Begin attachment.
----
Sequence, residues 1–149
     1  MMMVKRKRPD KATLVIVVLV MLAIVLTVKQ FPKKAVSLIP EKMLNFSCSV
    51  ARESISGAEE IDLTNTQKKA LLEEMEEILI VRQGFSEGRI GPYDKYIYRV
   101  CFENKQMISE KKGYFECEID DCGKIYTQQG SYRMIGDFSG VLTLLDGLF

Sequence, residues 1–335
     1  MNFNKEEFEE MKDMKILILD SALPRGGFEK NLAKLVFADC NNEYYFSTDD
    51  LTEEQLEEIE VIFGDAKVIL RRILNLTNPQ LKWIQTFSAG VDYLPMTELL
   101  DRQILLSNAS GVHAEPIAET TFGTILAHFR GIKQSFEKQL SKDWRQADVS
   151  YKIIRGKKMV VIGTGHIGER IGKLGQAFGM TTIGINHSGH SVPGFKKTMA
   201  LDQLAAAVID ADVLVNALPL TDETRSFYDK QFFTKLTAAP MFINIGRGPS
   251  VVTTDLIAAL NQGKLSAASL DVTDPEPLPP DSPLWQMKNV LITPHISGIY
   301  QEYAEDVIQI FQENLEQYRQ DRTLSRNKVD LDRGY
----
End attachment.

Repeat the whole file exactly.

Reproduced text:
Sequence, residues 1–149
     1  MMMVKRKRPD KATLVIVVLV MLAIVLTVKQ FPKKAVSLIP EKMLNFSCSV
    51  ARESISGAEE IDLTNTQKKA LLEEMEEILI VRQGFSEGRI GPYDKYIYRV
   101  CFENKQMISE KKGYFECEID DCGKIYTQQG SYRMIGDFSG VLTLLDGLF

Sequence, residues 1–335
     1  MNFNKEEFEE MKDMKILILD SALPRGGFEK NLAKLVFADC NNEYYFSTDD
    51  LTEEQLEEIE VIFGDAKVIL RRILNLTNPQ LKWIQTFSAG VDYLPMTELL
   101  DRQILLSNAS GVHAEPIAET TFGTILAHFR GIKQSFEKQL SKDWRQADVS
   151  YKIIRGKKMV VIGTGHIGER IGKLGQAFGM TTIGINHSGH SVPGFKKTMA
   201  LDQLAAAVID ADVLVNALPL TDETRSFYDK QFFTKLTAAP MFINIGRGPS
   251  VVTTDLIAAL NQGKLSAASL DVTDPEPLPP DSPLWQMKNV LITPHISGIY
   301  QEYAEDVIQI FQENLEQYRQ DRTLSRNKVD LDRGY